Chat GPT4 is just around the corner which means that at some point in the very near future (if not already), many take-home tests are likely to be unreliable when predicting job performance in relation to coding. This is especially true if the tests are the more basic type of coding challenges, or they are generic in nature.

So what can you do now to improve your assessment process?

Back to basics – now is the time to improve interview skills

Most hiring managers in Data Science have never done any formal interview training. One of the most important principles of successful interviewing is making sure the same set of questions are asked in every candidate interview for the same job. If you don’t ask identical questions, how do you compare candidates fairly? As a minimum, there should be a scorecard for each of the main competencies for the job and the question used to assess this should be well thought out. The best resource we have found for this process is the Mark Horstman book, “ The Effective Hiring Manager ”. It will require some work to apply it to Data Science, but it’s worth it.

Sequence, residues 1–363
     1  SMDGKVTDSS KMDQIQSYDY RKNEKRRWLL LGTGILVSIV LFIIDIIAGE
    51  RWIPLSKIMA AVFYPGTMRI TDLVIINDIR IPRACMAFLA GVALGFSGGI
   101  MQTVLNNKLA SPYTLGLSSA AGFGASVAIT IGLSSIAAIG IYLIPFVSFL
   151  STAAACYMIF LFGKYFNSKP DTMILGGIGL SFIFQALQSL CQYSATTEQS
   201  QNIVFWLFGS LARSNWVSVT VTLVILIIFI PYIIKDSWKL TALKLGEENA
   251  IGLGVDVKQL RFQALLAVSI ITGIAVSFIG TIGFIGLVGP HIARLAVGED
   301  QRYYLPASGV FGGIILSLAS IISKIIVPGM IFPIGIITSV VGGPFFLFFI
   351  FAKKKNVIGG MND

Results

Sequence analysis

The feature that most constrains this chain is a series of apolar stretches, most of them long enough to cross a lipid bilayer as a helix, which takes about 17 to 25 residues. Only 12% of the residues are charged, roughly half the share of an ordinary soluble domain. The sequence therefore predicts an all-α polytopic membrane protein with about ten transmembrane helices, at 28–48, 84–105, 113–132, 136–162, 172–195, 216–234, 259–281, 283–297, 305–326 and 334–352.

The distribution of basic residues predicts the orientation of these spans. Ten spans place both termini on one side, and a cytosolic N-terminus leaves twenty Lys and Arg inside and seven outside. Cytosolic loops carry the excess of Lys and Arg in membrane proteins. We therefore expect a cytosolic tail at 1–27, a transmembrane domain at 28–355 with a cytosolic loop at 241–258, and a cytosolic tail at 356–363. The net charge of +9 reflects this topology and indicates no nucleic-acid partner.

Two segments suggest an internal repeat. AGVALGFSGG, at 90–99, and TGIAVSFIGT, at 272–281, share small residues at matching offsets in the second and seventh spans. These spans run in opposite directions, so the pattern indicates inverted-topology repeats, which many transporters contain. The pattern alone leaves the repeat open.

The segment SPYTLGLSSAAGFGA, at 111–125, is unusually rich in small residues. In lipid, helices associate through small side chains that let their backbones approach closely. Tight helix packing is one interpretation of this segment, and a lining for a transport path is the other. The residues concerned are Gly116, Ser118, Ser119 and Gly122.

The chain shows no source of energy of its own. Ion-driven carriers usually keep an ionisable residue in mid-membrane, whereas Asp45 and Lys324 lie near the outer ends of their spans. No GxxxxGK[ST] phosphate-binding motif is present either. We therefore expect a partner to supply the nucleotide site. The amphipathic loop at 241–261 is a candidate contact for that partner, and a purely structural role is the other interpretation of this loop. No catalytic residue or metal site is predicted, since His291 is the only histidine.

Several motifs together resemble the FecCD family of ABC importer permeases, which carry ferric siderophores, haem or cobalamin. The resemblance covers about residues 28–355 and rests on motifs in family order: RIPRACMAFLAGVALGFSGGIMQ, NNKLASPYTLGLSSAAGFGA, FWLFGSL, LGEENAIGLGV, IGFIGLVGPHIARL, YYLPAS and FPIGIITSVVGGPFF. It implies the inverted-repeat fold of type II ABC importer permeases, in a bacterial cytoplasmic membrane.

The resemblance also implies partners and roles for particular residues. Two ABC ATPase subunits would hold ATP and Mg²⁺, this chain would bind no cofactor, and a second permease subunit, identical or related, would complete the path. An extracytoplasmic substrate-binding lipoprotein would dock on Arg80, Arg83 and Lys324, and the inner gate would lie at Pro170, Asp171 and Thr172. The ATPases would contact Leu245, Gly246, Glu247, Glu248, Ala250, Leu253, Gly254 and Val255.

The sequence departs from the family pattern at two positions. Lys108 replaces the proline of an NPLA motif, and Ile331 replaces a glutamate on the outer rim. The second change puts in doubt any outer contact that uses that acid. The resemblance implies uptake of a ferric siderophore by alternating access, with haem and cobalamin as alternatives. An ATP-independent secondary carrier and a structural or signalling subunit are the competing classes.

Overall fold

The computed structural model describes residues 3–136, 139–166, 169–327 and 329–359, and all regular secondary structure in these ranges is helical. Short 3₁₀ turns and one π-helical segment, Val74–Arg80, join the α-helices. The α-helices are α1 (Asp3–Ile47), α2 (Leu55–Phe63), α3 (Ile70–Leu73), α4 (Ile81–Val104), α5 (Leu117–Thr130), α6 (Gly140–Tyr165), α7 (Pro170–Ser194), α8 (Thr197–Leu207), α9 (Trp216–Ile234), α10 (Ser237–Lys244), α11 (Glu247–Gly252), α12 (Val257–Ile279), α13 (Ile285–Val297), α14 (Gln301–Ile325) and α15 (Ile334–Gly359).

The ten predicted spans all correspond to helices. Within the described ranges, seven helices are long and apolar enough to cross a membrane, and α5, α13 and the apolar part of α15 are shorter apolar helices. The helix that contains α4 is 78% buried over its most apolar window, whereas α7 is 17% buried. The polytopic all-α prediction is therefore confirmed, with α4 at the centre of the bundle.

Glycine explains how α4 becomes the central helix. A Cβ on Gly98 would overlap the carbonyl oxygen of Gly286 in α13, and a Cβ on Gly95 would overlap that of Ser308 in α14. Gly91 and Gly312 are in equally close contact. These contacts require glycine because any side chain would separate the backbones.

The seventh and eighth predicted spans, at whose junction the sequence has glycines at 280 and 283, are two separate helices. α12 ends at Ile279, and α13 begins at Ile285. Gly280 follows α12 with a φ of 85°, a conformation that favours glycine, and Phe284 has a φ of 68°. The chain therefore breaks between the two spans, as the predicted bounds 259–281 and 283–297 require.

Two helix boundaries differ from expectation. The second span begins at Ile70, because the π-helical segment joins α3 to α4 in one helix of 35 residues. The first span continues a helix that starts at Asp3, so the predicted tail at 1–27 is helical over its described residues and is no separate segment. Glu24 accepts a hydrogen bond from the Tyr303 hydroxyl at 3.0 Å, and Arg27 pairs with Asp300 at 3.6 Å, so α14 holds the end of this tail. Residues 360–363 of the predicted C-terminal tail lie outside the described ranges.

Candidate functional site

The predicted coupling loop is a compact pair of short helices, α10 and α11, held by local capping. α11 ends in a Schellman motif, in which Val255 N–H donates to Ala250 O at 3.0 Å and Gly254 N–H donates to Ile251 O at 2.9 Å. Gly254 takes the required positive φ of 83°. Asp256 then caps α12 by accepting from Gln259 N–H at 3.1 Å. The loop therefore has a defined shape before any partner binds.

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Check if your technical assessment is up to scratch and relevant to the job you are hiring for

Have you considered if your take-home test could be compromised by an AI tool such as ChatGPT3? Perhaps it’s time to consider replacing your current test with an onsite (if possible), half-day work trial for two or three final stage candidates. This entails sitting the candidate in your team for a day (or half day) and getting them to work with someone you trust on a real-life task or project to see how they perform. With this approach, you can assess technical ability in real-time over the course of a day, without having to worry about whether or not your take-home test results are reliable. And from a culture perspective, you can see how candidates interact with the rest of your team.

Understand Data Science DNA of the person you are interviewing

We define the Data Science DNA of an individual as the key skills, mindset and inclination towards specific types of Data Science or engineering tasks. Some important questions to consider in determining this are – what type of Data Science work does the person like doing and what are they good at? More specifically, what type of Data Scientist or Data Engineer profile are they? How well does this fit the job you are recruiting for and the type of work the role requires?